Sunday, July 22, 2007

Mourning or Study on Tisha B'Av?

There is an apocryphal legend concerning Napoleon. One day on the ninth of Av he was walking past a synagogue when he heard the crying from within. He inquired as to the reason for their wailing and was told that they were weeping over the destruction of the temple. When was it destroyed, he asked. 1800 years ago was the answer. Napoleon reportedly responded: "I vow that this people is destined for a future in their own homeland. For is there any other people who have kept alive similar mourning and hope for so many years?"

The Laws of Tisha B'Av are designed to thrust us into a national state of mourning whereby individually and communally, every person becomes a mourner. It is an incredible process, as after 3 weeks of absence of public celebration, nine days of no wine nor meat, nor bathing, we sit on the floor like mourners and take off our leather shoes, we neither eat nor drink, and we wail the loss of our Temple and national glory. we become a nation of mourners. This is quite something, and there are many many testimonies throughout the ages that have expressed quite how monumental all this is.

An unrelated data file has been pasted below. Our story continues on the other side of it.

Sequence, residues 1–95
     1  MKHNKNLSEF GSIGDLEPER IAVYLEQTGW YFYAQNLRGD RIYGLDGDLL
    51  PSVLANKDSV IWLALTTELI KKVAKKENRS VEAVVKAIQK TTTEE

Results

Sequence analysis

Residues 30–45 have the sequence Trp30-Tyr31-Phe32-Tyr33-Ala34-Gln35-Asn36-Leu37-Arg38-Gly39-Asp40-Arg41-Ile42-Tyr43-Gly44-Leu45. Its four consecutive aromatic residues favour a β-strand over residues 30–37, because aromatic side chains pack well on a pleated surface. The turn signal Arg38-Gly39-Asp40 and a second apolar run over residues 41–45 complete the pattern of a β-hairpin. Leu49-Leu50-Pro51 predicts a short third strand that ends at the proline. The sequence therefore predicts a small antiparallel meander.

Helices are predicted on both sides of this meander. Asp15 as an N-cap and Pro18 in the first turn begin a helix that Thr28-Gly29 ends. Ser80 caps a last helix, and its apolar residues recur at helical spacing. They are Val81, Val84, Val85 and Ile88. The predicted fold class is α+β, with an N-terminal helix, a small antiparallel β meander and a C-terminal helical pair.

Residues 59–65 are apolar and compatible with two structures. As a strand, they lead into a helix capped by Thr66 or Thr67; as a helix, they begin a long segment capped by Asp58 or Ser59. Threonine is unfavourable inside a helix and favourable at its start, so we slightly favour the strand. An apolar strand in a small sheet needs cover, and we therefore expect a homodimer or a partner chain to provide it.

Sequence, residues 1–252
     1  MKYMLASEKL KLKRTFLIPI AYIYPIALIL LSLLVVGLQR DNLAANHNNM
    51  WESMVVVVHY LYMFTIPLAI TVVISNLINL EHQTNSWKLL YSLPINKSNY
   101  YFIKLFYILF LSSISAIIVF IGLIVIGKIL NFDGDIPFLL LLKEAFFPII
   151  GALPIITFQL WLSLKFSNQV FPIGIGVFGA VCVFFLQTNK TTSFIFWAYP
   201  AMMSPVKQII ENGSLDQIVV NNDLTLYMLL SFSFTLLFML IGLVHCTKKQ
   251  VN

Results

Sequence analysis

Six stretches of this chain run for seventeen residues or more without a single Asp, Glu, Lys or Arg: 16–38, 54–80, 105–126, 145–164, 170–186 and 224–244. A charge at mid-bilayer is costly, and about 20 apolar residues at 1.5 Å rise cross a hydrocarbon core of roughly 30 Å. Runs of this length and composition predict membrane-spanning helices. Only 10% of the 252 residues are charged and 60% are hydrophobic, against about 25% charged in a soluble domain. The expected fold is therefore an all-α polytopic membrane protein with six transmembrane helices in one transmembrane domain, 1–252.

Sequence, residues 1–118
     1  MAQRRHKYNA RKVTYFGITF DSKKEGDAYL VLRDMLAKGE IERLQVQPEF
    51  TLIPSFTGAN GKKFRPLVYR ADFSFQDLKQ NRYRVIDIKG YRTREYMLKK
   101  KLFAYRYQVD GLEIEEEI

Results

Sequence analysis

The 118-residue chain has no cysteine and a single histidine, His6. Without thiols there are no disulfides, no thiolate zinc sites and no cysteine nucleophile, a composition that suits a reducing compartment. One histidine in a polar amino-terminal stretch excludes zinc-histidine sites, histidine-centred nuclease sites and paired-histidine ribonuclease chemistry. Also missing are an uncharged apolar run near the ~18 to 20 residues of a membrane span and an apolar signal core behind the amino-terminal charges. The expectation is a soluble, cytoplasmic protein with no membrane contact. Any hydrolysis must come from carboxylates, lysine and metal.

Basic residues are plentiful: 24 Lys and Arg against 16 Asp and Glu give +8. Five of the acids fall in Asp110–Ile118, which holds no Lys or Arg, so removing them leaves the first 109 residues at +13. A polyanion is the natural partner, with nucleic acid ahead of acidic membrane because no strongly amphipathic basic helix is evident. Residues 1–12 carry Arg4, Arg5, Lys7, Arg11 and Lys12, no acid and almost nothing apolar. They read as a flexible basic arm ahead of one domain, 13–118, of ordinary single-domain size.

I say all of this because I got a mailing announcing proudly a full morning of shiurim and lectures on the morning of Tisha B'Av. If I recall, the email said the the entire thing will be broadcast live by podcast. For some years now, shuls have put on learning programs, lectures, movies and other events in order to help congregants connect with Tisha B'Av. It is difficult to sit all day chanting Kinnot phrased in a difficult allusory poetic form in a language that one barely comprehends. And yet there is a basic distinction between study and mourning. The kinnot which wail or lament the Hurban, are exactly that. They are like a wail. And we sit on the floor and moan. They do not inspire; they depress. A shiur is intellectual, it is interesting, enlightening and informative. The Kinna is a very different world. It is devoid of the historical novelty, the chiddush in the third Chapter of Eichah, or the Rabbinic brilliance and mussar of Midrash Eicha. In many ways, I think we have lost the ability to mourn effectively!

If Napolean entered our shuls, he wouldn't see wailing. He would see a study hall - just that everyone is sitting on the floor!

I don't have a great solution. I also find Kinnot hard. I also connect better with study and programming. I just wonder whether we have actually - in our desire to "do" Tisha B'Av well - whether we have in fact changed Tisha B'Av into yet another study day.

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